In this week’s episode, however, virtually all dialog was in subtitled ASL. (Put down your phones and ipads; this is a show that has to be watched.) It’s extremely compelling – partly because in a show with major themes of linguistic outsiders and insiders, the producers successfully turn most of the hearing characters, and most of the audience, into linguistic outsiders for an episode. As in most TV dramas, there is a music score intended to enhance and mirror the character’s emotions, but because no characters are speaking over the music, it at first seems more intrusive than in most scored TV shows – but once I got used to it, it seemed normal. [5. According to series creator Lizzy Weiss: Even in our ‘regular’ episodes, we use score to reflect the emotional state of the characters in the scenes, and this episode is no different. The score and the songs represent the emotional state of the characters as they struggle to take back their school.]
That alone would make “Uprising” one of the best forty minutes of TV in any year. But for a political junkie like me, “Uprising” also had other pleasures.
(Mild spoilers follow.)
Nearly all the important teen characters on Switched At Birth – including the two main characters, Daphne and Bay – attend Carlton, a school for Deaf kids. This season, Carlton has begun a pilot program in which a handful of interested hearing students, including Bay, are permitted to enroll. This pilot program seems to have unlimited funding available, while virtually all of Carlton’s other programs suffer from severe budget cuts. Then, at the end of the episode before “Uprising,” the school board announced plans to close Carlton and distribute the Carlton students throughout the mainstream (i.e., hearing) schools.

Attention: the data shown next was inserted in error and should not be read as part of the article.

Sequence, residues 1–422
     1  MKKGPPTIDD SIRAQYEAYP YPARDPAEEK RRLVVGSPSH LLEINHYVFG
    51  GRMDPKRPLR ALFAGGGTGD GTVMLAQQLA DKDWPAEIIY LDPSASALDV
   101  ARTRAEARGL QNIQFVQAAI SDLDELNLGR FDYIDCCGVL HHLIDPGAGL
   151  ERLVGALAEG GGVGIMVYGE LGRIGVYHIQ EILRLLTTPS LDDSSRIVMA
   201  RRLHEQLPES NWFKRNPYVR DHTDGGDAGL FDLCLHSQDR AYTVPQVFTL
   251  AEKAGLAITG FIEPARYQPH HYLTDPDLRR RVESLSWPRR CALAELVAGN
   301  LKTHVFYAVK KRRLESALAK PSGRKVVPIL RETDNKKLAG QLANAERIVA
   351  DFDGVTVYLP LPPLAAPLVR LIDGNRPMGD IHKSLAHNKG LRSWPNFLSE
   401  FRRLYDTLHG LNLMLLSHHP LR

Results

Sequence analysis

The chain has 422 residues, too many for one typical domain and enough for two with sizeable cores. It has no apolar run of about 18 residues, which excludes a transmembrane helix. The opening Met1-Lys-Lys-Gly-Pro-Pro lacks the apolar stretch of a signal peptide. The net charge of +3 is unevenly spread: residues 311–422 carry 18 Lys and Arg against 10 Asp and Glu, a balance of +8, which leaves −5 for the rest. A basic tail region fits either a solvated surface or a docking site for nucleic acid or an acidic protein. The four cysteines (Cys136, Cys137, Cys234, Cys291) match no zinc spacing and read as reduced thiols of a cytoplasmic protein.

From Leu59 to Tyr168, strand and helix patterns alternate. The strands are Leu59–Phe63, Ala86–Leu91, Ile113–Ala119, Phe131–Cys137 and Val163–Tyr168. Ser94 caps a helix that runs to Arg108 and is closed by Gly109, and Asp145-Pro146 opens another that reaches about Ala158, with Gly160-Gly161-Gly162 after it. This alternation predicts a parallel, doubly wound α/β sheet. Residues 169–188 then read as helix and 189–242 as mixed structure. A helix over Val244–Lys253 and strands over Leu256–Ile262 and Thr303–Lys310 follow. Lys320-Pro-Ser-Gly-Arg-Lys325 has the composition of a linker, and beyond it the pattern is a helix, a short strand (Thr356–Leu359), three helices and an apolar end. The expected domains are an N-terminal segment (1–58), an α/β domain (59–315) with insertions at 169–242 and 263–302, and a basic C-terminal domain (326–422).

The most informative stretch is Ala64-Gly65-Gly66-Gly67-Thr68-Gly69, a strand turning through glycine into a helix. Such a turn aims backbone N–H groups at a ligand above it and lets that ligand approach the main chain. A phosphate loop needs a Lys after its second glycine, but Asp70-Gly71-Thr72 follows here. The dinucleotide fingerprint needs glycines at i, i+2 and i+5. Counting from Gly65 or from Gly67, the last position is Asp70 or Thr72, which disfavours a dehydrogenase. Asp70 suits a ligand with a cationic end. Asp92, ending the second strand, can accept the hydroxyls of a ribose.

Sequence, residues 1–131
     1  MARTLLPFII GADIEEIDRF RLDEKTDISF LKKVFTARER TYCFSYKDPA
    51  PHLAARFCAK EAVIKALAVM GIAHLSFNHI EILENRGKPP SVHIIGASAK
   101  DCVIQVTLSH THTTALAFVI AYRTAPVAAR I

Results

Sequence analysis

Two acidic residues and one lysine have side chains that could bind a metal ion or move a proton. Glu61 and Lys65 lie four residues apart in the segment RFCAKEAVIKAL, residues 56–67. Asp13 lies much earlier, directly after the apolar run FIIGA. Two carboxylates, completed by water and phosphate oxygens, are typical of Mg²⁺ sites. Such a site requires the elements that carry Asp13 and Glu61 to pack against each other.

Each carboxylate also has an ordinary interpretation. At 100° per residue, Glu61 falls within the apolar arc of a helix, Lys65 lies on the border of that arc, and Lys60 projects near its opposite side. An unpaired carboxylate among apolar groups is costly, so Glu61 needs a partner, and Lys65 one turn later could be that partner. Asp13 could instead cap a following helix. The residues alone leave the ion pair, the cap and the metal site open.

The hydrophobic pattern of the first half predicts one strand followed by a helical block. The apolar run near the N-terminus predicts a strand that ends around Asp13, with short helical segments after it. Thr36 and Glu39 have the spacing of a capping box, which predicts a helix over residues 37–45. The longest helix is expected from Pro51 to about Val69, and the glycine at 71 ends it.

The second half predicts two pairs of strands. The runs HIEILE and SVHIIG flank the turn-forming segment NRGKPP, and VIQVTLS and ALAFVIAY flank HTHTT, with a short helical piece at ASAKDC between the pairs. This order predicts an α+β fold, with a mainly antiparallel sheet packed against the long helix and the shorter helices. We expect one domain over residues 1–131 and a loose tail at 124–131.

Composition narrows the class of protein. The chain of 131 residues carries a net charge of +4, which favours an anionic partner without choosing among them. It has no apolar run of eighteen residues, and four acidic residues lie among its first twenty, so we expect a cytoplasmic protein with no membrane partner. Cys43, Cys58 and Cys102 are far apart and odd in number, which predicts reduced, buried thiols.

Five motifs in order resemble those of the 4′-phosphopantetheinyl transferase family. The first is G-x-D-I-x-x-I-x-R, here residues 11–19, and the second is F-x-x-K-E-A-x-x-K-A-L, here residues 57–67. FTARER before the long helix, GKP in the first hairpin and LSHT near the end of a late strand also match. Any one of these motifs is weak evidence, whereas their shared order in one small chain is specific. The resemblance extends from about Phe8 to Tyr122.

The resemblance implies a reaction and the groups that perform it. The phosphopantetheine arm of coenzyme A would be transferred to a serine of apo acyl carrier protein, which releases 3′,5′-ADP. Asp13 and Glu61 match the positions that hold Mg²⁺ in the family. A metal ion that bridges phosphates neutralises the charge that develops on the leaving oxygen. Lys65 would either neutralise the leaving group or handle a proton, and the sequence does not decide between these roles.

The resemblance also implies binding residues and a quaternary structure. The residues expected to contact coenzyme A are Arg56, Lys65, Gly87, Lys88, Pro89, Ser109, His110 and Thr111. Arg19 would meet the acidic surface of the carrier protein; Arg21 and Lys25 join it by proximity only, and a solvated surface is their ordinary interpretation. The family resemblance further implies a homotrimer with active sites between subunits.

Inspired by the “Deaf President Now” student takeover of Gallaudet University almost exactly twenty-five years ago, and also by the Occupy movement, the Carlton students lock themselves in Carlton until the school board agrees to keep it open. Carrie at the AV Club describes what happens:
The kids are more than willing to wait it out inside until they get what they want, and their demands are straightforward (keep Carlton open and deaf, with no punishment to those kids who participated in the protest). It’s the process of asking for these demands that turns out to be far more complicated than any of them expected. They want to keep Carlton deaf—but how deaf? Is Noah’s Meniere’s disease enough for him to “count”? Bay isn’t deaf but is there fighting for her school. Will she even be allowed to attend if the protestors get what they want? Or is she fighting for a cause her classmates don’t even think she should be involved with in the first place? No two people’s views are 100% the same, creating a nice tension between even the kids who on the surface are very similar.
And underlying all of that is the larger political puzzle – how can a small minority possibly convince a large, privileged majority that they legitimately require a space of their own? Even the hearing people who have allied with the Deaf students are often depicted as good-intentioned but fundamentally not grasping the central issues.